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April, 2004 - Nr. 4


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German Expressionists come to New York

  TWIG - Seldom has a group of artists so profoundly captured the calamity of their epoch as have German expressionists like Ernst Ludwig Kirchner, Otto Dix, Max Pechstein, and Georg Grosz.

This month, works by these and several other artists once collected by the Nationalgalerie in Berlin are on show at the Neue Galerie in New York, a relatively new museum devoted to showcasing modern German and Austrian art.

"Arcadia and Metropolis: Masterworks of German Expressionism from the Nationalgalerie Berlin" chronicles the rise of expressionism in Germany, from emotional depictions of rural life with sharply distorted shapes and colors to the turbulent cityscapes and grotesque caricatures produced amidst the decadence of metropolitan Berlin in the "Golden 1920s." Later works trace the backlash against expression, culminating in the sobriety and acuity of the "New Objectivity" movement.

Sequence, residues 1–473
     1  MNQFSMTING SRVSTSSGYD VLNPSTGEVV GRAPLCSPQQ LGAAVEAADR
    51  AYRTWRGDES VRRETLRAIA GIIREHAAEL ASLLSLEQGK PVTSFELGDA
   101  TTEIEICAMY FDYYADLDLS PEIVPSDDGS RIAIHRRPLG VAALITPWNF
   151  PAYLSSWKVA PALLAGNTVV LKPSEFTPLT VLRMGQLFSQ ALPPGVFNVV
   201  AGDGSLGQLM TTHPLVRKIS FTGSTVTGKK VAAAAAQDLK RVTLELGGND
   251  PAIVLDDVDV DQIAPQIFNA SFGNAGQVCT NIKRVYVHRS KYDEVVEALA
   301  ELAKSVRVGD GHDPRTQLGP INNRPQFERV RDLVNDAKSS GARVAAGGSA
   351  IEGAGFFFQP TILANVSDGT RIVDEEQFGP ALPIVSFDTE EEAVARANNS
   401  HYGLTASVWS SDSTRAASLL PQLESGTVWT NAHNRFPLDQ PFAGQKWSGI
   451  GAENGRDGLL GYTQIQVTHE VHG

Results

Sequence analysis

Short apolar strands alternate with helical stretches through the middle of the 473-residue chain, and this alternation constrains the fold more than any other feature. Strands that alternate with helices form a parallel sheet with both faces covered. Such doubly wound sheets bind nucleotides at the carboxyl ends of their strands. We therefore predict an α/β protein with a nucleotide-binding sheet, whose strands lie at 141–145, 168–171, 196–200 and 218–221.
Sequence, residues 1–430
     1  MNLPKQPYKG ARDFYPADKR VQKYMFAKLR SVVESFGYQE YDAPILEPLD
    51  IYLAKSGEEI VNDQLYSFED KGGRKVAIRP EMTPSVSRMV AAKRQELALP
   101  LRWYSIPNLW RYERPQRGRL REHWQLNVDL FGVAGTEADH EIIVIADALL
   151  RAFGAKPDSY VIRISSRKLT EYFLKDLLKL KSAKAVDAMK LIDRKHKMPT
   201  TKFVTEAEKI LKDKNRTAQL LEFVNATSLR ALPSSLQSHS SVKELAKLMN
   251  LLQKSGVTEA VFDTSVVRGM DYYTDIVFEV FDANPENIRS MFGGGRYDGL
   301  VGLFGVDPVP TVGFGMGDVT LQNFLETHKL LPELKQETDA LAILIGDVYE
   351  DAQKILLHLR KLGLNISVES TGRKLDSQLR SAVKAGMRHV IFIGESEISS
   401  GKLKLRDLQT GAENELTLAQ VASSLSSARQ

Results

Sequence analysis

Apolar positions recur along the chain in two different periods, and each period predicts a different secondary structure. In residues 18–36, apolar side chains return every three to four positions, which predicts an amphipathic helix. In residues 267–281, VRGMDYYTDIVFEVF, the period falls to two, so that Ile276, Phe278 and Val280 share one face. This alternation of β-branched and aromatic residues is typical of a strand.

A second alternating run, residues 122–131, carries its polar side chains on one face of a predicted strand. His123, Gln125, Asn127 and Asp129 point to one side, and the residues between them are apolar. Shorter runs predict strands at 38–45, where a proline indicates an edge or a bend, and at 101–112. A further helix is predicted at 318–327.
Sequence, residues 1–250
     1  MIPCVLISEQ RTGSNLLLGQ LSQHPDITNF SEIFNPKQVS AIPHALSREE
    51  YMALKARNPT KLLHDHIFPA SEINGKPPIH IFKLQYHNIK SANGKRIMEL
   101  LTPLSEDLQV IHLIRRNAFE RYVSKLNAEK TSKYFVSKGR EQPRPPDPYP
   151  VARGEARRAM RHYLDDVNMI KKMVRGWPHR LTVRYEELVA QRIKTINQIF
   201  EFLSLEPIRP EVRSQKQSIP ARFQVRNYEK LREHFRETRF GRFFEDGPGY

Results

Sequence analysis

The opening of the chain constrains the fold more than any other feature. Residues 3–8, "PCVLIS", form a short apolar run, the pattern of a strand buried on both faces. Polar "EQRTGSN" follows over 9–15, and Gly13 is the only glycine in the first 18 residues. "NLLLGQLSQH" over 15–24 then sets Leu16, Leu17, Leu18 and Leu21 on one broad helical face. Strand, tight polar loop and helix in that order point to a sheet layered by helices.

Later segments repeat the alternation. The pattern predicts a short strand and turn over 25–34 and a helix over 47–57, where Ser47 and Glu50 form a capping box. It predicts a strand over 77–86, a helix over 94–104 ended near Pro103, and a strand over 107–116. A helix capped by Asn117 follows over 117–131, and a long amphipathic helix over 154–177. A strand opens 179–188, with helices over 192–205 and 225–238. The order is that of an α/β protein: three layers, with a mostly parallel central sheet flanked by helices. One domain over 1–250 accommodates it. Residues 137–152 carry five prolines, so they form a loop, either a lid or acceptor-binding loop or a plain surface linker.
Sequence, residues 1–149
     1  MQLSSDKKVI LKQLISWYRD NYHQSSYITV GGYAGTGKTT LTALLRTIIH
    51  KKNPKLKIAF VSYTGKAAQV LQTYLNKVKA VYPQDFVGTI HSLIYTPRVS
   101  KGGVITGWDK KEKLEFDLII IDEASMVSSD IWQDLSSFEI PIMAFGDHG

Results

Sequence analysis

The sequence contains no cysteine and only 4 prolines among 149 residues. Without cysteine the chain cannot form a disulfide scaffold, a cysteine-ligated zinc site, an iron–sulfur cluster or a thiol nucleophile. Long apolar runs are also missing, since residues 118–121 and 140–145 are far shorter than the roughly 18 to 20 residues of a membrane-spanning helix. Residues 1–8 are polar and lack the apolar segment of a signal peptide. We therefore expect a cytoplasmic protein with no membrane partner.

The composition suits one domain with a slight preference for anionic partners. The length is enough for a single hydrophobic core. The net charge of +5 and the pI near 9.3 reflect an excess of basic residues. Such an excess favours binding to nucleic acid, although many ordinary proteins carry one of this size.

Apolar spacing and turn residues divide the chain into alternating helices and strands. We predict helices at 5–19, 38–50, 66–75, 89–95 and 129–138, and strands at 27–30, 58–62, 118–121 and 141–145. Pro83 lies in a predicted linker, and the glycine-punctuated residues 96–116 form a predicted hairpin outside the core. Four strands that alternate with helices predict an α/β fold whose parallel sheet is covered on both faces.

Painted between 1907 and 1926, the paintings capture the artists’ responses to industrialization, the devastation of World War I, and the early tumult of the Weimar Republic.

The role of the Nationalgalerie as a public institution is also dealt with in the exhibition — as well as in a series of public talks to be held by the museum in the coming weeks. "The turbulent history of the Nationalgalerie represents an important chapter in the larger story of Wilhelmine and Weimar Republic history," said Reneé Price, Director of the Neue Galerie.

In its earliest years, the Nationalgalerie occupied a neo-classical building on Berlin’s museum island. Modern art thrived there until the Nazis took power in 1933. Today’s Nationalgalerie is divided between this first building, now called the Alte Nationalgalerie, and the Neue Nationalgalerie designed by Mies van der Rohe — currently home to the world’s only exhibition on modern art from the MoMA New York.

The exhibition runs through June 7.
Republished with permission from "The Week in Germany"


Neue Galerie New York


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